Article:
• Ship's Log Entry

    Ship's Log Entry

‘A Valuable and Useful Member’ – The Life of Sir Robert Seppings

“Robert Seppings, one of the Commissioners of His Majesty’s Navy and a Gentleman… being desirous of becoming a Fellow of the Royal Society, we whose names are hereunto subscribed do, of our personal knowledge, recommend him as worthy of that honour, and likely to become a valuable and useful member.”

 -Recommendation letter to the Royal Society on behalf of Robert Seppings (1814)

Robert Seppings (1767-1840)

The 25th April 2020 will mark 180 years since the passing of naval architect and innovator Sir Robert Seppings. From humble origins, Seppings rose to the position of Surveyor of the Navy, responsible for the design of Britain’s warships in the early 19th century. HMS Unicorn is now the sole survivor from his lifetime of shipbuilding. 

The son of a cattle dealer, Robert Seppings was born on 11th December 1767 in the small market town of Fakenham, Norfolk. His uncle – a retired naval captain – managed to find work for young Robert at Plymouth and he became an apprentice to the master shipwright John Henslow. So began a long and remarkable career. In 1804, Robert was promoted to master shipwright at Chatham Dockyard and within a decade had risen to the position of Surveyor of the Navy (1813 – 1832).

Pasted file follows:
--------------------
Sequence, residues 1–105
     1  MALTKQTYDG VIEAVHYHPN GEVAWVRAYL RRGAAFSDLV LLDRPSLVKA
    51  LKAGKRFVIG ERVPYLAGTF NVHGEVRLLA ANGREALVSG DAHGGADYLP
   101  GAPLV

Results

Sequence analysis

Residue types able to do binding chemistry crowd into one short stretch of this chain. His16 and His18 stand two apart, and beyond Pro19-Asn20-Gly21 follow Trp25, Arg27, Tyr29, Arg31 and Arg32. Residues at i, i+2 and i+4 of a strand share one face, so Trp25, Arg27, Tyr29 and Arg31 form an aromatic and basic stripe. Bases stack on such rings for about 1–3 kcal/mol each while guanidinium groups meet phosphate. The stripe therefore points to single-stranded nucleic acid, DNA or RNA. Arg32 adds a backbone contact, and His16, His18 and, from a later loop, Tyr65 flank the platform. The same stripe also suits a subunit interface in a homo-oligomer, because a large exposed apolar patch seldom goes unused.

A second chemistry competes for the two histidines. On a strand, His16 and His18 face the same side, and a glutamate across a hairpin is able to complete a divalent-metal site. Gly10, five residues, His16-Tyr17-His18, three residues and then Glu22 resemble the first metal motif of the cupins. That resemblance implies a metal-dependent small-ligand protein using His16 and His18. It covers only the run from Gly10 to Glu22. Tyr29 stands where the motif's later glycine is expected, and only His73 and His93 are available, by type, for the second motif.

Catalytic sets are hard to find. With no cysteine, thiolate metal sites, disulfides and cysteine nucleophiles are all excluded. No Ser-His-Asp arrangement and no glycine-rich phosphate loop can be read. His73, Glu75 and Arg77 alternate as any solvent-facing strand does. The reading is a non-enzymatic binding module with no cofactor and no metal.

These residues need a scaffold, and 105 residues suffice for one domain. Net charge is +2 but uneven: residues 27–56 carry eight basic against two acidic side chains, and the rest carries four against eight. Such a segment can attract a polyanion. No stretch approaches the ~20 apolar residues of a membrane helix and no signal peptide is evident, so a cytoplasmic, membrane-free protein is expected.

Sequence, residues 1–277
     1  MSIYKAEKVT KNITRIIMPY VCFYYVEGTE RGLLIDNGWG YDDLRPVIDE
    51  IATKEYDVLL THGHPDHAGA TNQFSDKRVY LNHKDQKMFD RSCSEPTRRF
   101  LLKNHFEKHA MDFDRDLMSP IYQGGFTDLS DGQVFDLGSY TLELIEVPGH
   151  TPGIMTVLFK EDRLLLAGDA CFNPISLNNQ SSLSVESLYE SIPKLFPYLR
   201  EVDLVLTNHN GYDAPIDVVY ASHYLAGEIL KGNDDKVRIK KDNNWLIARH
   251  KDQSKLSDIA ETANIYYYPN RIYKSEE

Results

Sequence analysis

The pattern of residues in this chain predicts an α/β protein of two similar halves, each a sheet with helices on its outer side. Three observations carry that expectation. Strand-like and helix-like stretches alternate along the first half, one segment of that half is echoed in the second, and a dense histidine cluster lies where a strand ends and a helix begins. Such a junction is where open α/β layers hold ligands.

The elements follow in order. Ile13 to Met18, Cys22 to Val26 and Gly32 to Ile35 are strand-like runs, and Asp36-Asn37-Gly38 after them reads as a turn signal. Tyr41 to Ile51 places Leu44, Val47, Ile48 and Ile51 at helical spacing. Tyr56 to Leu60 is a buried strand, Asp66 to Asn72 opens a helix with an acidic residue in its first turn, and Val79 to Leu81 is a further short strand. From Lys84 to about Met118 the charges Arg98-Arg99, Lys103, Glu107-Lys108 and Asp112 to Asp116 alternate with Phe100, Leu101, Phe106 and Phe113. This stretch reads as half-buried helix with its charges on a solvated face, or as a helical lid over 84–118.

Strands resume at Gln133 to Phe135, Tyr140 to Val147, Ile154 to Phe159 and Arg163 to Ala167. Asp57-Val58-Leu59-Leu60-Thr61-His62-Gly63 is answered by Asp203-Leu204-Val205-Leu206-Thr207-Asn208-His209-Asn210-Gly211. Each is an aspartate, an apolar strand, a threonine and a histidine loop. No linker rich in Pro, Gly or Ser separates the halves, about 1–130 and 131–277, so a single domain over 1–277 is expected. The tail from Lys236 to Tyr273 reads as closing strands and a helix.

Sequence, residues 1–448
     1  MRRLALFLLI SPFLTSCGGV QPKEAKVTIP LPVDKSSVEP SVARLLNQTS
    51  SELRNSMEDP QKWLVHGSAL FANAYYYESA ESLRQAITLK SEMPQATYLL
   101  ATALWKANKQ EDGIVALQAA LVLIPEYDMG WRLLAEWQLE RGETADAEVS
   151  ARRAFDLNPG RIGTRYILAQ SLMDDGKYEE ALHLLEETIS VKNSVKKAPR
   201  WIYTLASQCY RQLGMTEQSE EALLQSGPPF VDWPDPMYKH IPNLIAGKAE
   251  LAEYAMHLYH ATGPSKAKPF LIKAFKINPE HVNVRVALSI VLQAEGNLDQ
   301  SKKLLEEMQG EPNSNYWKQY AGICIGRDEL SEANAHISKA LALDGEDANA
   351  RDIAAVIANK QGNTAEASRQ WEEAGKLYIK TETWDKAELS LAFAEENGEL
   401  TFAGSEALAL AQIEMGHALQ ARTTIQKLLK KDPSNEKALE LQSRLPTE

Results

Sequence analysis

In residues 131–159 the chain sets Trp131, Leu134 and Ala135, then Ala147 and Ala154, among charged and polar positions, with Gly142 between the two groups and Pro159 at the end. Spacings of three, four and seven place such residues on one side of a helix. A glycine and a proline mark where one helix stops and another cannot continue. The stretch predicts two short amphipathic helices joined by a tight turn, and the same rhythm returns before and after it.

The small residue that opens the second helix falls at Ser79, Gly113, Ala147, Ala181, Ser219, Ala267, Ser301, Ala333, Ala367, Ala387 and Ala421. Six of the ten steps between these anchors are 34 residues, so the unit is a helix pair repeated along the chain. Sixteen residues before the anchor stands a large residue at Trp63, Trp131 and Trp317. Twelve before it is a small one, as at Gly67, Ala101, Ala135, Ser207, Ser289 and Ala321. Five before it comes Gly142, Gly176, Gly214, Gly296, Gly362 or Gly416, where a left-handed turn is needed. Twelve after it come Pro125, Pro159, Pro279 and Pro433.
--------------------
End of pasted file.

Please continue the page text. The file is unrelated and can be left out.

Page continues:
His first innovation was not in shipbuilding but in ship docking. In the late 18th century, he invented the ‘Seppings Blocks’, which consisted of an arrangement of wedges placed underneath the keel of a ship when in dry dock. This system reduced the length of time required to repair a ship in dry dock and Seppings received £1,000 from the Admiralty for his invention.

Leda Class Ship Plans by Robert Seppings

As Surveyor of the Navy, Seppings was able to implement his innovations in shipbuilding and design. Quoted as saying, “partial strength produces general weakness,” he focussed on improving the strength of ships. Seppings embraced the new technologies of the Industrial Revolution and introduced a greater use of iron into the ships of the Royal Navy. 

In 1819, the House of Commons singled out the work of Seppings as having introduced many of Britain’s, “most valuable improvements in naval architecture.” They concluded by commenting that although his work may, “have nothing of that brilliancy which forcibly excites public admiration, it will continue to confer a lasting benefit on the British nation, long after that period when the beneficial effect of victories, however splendid, shall have passed away.” 

Copley Medal

This lasting benefit is still remembered to this day. British naval architect David K. Brown has written that the growth in size of wooden warships was, “due almost entirely to the structural methods introduced by Seppings.” Also, noted naval historian Brian Lavery has argued that of all the Surveyors of the Navy during the Great Wars of the late 18th and early 19th centuries, “only Seppings was to have any major influence on shipbuilding.” 

HMS Unicorn is a lasting testament of that influence and a fine example of the work of Sir Robert Seppings. A naval architect and a naval vessel; both products of Britain’s great industrial age. 

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